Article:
LONDON (Aug. 31)
Mark Spitz, the American-Jewish swimming gold medalist, had no time to put on his shoes before last night’s victory ceremonies at the Olympic Games in Munich. As a result, Soviet Olympic officials may file a protest. They claim that the shoes Spitz held before tv and news cameras were clearly identifiable as the product of a West German sporting goods firm. Their implication was that the swimming champ was promoting the brand. Officials in Munich were said to be certain that Spitz acted in all innocence.
Kenneth Tread way, manager of the US swimming team, said Spitz was “caught up in the rush” and had no time to put on his shoes. But the International Olympics Committee is particularly sensitive to the possibility of commercialism by Olympic athletes. Dr. Harold Henning, secretary of the International Swimming Federation, issued a memorandum forbidding the carrying of shoes to the victory podium.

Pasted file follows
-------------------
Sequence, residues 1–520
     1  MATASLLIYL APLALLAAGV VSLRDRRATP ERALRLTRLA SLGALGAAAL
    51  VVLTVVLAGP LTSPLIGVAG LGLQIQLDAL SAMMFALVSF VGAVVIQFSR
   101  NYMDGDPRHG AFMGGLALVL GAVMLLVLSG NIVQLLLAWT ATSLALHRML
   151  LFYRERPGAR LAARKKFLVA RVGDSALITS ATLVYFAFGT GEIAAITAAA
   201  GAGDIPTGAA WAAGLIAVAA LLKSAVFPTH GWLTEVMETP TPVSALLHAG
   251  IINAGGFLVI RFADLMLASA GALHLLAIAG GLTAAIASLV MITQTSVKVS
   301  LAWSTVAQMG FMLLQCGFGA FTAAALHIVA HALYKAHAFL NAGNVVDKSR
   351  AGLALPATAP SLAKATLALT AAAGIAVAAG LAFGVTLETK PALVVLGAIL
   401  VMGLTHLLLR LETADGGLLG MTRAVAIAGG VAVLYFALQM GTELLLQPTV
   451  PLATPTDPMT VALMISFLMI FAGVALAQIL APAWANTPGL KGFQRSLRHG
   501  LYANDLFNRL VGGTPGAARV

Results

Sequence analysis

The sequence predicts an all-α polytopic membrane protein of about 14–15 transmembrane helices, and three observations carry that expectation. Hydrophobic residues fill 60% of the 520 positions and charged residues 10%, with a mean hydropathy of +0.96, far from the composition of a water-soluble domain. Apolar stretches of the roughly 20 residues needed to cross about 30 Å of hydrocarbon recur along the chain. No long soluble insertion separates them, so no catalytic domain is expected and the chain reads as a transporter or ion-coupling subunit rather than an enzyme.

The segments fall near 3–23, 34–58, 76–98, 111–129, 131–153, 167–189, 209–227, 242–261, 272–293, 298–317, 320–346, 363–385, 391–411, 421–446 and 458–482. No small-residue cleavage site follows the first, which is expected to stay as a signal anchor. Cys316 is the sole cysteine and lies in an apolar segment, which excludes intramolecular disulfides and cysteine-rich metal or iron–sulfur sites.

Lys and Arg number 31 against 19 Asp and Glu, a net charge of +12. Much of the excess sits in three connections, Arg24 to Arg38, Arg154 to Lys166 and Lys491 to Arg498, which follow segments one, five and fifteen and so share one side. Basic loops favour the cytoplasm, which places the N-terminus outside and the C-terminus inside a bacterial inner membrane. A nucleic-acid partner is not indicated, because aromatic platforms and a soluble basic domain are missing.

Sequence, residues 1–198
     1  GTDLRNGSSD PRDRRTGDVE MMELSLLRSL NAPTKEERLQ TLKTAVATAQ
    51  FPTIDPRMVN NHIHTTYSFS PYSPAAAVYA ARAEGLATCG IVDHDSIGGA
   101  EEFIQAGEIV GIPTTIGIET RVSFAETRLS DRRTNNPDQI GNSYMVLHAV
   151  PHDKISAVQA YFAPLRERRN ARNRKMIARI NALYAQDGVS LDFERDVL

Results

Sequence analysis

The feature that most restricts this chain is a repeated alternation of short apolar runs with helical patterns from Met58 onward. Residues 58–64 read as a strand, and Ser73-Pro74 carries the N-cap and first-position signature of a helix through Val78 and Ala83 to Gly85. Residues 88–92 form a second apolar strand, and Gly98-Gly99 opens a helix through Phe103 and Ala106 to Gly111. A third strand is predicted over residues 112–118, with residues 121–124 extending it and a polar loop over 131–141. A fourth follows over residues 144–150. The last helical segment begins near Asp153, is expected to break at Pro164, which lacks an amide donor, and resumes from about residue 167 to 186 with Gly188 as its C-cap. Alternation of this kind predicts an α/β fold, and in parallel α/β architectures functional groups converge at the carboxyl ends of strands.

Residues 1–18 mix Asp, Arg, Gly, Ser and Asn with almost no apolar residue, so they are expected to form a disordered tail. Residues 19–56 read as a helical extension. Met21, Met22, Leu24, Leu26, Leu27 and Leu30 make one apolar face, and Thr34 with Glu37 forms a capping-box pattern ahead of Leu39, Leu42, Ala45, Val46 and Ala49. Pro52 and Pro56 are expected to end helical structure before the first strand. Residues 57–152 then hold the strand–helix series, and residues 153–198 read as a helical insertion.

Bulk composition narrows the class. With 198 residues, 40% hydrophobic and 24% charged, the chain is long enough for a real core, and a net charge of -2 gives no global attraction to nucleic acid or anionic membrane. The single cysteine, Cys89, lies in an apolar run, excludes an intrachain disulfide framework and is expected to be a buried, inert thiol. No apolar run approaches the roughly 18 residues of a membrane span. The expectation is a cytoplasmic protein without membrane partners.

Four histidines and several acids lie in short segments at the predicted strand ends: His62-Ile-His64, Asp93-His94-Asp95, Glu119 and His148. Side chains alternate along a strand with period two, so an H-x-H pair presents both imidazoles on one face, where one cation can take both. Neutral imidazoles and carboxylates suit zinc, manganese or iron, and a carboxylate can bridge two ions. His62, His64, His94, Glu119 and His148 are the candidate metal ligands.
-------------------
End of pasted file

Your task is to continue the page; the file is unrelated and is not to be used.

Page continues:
Spitz has so far won three gold medals with record-setting performances in the 200-meter butterfly, 200-meter free style and the anchor leg on a world record 400-meter free style relay.
The National Insurance Institute in Jerusalem announced today that it has extended its coverage to compensate Arab workers from the administered territories who are injured by accidents or through terrorist activities on their way to jobs in Israel. Currently only workers inside Israel proper are entitled to compensation for injuries suffered on their way to work.